Using a general labor supply model in which individuals choose how much to work conditional on productivities and preferences for consumption relative to leisure, we show that the mapping from earnings and hours worked to productivities and preferences can be expressed entirely in terms of reduced-form labor supply elasticities. We investigate the roles that productivities and preferences play in driving income inequality in the United States. Benchmark labor supply elasticity estimates from the literature imply that productivities drive most income inequality. Preferences become increasingly important relative to benchmark, with larger income effects or larger differences between earnings and hours-worked elasticities.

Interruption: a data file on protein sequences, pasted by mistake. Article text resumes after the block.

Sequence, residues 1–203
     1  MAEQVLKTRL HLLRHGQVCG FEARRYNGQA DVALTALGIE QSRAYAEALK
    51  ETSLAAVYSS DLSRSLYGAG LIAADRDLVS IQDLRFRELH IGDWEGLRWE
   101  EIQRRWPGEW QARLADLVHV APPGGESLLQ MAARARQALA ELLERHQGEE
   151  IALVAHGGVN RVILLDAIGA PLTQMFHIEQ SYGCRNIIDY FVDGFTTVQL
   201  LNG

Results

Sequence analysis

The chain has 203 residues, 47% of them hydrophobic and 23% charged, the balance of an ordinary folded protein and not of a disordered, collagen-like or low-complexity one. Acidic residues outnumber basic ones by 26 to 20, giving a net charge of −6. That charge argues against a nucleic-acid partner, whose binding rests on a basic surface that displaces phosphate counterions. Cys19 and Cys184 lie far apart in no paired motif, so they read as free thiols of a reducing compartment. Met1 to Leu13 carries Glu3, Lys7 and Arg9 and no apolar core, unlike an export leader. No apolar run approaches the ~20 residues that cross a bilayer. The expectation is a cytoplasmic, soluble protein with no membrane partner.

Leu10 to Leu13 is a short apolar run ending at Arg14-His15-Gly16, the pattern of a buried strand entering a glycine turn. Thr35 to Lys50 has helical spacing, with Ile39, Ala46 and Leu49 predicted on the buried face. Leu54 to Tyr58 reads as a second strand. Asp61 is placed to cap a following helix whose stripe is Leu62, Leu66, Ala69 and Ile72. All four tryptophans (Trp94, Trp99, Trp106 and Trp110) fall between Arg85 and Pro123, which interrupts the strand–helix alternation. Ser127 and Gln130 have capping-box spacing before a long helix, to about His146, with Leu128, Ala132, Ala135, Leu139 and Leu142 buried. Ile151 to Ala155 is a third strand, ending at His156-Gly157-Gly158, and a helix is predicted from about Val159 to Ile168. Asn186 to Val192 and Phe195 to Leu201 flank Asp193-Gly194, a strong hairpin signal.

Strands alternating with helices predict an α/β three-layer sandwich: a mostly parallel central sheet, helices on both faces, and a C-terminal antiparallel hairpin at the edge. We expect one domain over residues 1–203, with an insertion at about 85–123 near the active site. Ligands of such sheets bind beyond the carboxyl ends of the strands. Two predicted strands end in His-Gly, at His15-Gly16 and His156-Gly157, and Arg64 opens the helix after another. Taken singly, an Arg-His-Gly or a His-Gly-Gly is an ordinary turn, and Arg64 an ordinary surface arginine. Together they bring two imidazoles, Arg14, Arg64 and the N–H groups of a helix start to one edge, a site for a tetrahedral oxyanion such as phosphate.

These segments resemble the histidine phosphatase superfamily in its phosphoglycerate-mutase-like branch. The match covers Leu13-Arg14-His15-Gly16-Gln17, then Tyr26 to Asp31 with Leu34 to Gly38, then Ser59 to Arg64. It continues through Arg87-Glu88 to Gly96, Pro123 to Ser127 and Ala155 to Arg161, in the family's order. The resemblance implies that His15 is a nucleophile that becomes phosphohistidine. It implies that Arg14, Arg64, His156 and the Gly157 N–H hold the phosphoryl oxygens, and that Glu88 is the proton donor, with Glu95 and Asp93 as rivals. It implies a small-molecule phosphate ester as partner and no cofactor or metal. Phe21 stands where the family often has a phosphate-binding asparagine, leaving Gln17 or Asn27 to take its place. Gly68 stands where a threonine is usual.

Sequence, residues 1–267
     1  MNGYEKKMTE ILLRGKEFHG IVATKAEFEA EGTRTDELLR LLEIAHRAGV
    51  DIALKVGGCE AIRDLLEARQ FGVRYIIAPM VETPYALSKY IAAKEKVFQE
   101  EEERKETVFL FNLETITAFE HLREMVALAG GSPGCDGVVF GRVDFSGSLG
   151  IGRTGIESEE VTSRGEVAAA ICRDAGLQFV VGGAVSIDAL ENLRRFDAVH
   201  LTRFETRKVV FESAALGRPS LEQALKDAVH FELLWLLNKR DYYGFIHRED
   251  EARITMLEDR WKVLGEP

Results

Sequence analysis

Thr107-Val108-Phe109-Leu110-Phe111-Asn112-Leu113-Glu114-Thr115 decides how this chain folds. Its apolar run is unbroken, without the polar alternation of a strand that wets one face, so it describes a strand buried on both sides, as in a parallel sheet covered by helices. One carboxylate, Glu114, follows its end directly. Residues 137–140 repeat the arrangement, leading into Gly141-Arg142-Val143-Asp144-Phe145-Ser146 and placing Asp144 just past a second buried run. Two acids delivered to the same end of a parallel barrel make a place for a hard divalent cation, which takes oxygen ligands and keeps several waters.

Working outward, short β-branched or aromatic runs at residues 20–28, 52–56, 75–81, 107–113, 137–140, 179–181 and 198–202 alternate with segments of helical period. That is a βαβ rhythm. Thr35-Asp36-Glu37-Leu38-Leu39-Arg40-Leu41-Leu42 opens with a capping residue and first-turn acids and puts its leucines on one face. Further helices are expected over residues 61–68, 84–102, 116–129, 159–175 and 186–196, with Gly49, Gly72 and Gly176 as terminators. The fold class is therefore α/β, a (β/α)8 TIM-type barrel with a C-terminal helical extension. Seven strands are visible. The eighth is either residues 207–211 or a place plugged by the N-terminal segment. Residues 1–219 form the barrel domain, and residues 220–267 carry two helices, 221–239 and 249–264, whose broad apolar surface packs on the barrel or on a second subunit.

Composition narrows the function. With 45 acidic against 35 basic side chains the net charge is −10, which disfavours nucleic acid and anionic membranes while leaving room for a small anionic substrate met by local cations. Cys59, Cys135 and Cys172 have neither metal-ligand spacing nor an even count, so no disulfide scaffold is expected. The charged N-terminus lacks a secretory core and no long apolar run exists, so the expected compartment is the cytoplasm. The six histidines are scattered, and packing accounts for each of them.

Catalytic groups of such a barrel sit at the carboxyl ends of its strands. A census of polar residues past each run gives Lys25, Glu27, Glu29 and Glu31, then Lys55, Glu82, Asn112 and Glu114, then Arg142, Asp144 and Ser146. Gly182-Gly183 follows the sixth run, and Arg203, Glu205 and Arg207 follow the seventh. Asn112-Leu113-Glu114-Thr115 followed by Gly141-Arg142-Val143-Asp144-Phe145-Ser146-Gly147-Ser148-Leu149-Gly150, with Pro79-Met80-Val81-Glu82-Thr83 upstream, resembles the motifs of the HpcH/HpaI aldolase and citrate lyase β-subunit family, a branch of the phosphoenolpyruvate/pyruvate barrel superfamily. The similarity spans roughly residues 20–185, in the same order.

Bergstrom, Katy, and William Dodds.
"Using Labor Supply Elasticities to Learn about Income Inequality: The Role of Productivities versus Preferences."
American Economic Journal: Economic Policy,
Personal Income, Wealth, and Their Distributions
Personal Income and Other Nonbusiness Taxes and Subsidies; includes inheritance and gift taxes
Fiscal Policies and Behavior of Economic Agents: Household
Time Allocation and Labor Supply
Human Capital; Skills; Occupational Choice; Labor Productivity
Wage Level and Structure; Wage Differentials